Yes, Al. I remember seeing that Tomcat/Rick Nelson listing and even commented on it a few years ago. But I didn’t believe it was the site of the Roxy. There is a pic of the Frisco Gay Cinema in the photo section on that page and it appears to show the entrance too far east of the New Amsterdam – indeed they are separated by several storefronts. When Ken Roe added the photo, he offered that the Keystone Bookstore that operated out of a storefront right up against the New Amsterdam was to later become the Roxy. The photo is dated 1978. I seem to recall trying to leverage that information into a possible avenue of research on the Roxy, but it turned out to be a dead end at the time.
And thank you, Mike. It’s been a long while. Went to Europe last summer on vacation and then went through the sale and purchase of old and new residences shortly thereafter. Still not done unpacking – and haven’t set up my computer yet! Moved all of 6 blocks, but might as well have been 600 miles!
Al, one of the great many unfinished research items I wanted complete for this site was to trace down the history of that particular Roxy, located just one door east of the New Amsterdam. I don’t think I got very far in that endeavor.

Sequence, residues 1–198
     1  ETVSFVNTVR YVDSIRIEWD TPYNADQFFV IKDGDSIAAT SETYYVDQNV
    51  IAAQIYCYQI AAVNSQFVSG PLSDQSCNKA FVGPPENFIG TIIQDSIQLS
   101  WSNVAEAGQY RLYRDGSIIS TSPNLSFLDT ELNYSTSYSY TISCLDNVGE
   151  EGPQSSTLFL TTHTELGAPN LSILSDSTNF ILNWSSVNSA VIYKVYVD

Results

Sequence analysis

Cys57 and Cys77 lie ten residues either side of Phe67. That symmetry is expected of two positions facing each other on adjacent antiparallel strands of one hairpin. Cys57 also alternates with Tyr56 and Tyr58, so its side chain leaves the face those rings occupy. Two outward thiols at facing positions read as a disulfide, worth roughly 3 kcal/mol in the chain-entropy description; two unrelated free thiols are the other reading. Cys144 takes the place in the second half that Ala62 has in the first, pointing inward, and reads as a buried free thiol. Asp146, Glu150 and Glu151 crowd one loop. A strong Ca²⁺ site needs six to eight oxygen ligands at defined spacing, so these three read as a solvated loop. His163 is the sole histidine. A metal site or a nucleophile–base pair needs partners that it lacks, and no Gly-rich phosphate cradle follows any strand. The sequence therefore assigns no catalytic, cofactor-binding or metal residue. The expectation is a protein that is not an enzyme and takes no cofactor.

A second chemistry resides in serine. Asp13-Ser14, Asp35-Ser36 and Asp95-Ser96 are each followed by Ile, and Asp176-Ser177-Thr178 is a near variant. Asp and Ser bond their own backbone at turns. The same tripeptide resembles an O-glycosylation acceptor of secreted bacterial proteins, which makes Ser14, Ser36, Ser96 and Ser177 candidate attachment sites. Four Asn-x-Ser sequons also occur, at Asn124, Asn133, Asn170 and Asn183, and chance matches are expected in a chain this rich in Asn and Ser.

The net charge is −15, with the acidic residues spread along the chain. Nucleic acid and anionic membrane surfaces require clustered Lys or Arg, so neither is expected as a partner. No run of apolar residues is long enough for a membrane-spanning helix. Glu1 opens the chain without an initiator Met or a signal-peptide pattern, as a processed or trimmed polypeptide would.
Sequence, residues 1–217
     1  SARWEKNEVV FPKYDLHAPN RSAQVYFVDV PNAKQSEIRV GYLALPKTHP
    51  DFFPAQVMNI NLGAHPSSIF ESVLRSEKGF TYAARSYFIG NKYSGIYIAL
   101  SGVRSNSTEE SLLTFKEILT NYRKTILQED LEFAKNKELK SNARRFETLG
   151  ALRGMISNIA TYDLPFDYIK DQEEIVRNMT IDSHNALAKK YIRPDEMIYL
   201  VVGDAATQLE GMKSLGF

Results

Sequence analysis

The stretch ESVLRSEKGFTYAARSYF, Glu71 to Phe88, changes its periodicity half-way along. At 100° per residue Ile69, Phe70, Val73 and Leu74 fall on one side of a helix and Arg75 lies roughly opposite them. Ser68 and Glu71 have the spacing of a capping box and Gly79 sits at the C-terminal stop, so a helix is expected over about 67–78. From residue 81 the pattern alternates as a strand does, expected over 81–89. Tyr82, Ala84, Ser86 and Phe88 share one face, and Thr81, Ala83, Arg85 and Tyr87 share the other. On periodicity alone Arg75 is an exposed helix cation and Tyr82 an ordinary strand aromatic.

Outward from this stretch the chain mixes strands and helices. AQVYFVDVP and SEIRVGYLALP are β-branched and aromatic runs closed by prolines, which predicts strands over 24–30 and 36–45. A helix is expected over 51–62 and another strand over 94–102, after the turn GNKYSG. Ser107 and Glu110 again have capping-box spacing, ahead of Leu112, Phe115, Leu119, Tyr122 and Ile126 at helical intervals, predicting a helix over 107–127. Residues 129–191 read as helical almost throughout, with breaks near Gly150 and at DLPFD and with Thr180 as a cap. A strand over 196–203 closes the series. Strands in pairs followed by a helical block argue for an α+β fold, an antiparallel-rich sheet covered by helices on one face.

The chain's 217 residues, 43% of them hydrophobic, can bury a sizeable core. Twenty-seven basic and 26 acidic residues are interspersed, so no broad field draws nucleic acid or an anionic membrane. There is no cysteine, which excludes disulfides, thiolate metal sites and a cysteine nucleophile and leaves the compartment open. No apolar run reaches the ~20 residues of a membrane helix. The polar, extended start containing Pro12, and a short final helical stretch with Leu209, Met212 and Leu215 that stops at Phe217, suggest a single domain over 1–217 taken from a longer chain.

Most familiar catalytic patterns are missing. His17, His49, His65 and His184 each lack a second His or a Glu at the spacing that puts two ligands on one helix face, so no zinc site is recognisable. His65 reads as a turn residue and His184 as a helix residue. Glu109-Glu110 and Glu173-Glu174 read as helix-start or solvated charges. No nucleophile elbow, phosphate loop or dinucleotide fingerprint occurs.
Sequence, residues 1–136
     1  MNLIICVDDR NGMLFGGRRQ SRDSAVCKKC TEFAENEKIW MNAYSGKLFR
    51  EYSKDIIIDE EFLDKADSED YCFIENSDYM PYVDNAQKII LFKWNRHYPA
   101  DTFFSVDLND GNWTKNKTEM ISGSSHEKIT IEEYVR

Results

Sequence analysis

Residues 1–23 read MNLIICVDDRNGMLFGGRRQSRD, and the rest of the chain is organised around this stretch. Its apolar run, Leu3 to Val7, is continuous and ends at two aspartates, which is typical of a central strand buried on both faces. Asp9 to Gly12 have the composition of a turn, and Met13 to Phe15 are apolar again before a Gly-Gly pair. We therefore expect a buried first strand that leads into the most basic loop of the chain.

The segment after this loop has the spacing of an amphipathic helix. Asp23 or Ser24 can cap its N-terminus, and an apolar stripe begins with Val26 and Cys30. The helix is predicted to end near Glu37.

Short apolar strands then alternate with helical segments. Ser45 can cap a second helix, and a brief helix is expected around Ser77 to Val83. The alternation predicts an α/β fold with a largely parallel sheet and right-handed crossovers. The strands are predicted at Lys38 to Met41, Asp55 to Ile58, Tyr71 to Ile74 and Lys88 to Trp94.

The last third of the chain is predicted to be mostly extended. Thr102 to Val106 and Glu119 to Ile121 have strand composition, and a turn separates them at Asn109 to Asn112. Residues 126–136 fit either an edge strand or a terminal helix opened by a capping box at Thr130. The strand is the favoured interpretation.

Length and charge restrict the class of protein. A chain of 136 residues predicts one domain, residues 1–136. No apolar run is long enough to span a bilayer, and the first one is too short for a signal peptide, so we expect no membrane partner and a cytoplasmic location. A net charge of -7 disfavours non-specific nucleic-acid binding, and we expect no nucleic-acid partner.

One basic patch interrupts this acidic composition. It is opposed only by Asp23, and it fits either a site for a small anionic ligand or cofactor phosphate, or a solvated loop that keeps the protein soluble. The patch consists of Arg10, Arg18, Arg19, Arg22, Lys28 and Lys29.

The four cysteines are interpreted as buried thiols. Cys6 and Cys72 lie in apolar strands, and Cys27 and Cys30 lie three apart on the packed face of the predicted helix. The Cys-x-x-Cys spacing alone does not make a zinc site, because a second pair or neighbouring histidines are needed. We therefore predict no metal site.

The pic DavidZornig posted is of the Roxy Burlesk that operated between the Empire and the Anco in the 1970’s. I believe this location would later become the short lived Movie-Plex 42 that is listed elsewhere on Cinema Treasures. The marquee with Riot is the Empire’s.
Well… You can definitely change the status on this to demolished. All that remains standing as of this morning is the stage house structure. You can see the old proscenium opening, which is entirely obstructed by the cinder block wall they constructed for the screen they had added there some years back. I’ll be uploading a few pictures I took with my cell phone over the last week or two, showing a few stages of demolition. I’ll post back when the are all up.
Well, this was certainly the last Calderone theater still in operation. The Westbury auditorium was completely gutted to the bare brick walls and the lobby and storefronts were stripped down to the wooden framing members. That leaves the namesake Calderone in Franklin Ave in Hempstead as the sole physically intact (or as close as can be) survivor – or at least it will be once the Lynbrook is demolished.